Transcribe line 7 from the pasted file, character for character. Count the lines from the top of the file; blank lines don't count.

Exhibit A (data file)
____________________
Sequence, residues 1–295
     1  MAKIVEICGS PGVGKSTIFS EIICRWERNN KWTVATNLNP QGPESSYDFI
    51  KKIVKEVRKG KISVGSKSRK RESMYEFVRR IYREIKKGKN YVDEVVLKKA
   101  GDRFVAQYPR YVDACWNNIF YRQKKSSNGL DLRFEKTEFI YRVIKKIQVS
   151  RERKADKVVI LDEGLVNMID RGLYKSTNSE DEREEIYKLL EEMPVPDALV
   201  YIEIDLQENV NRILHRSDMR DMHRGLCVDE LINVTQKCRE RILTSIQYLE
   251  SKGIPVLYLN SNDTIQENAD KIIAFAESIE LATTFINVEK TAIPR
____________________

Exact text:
   251  SKGIPVLYLN SNDTIQENAD KIIAFAESIE LATTFINVEK TAIPR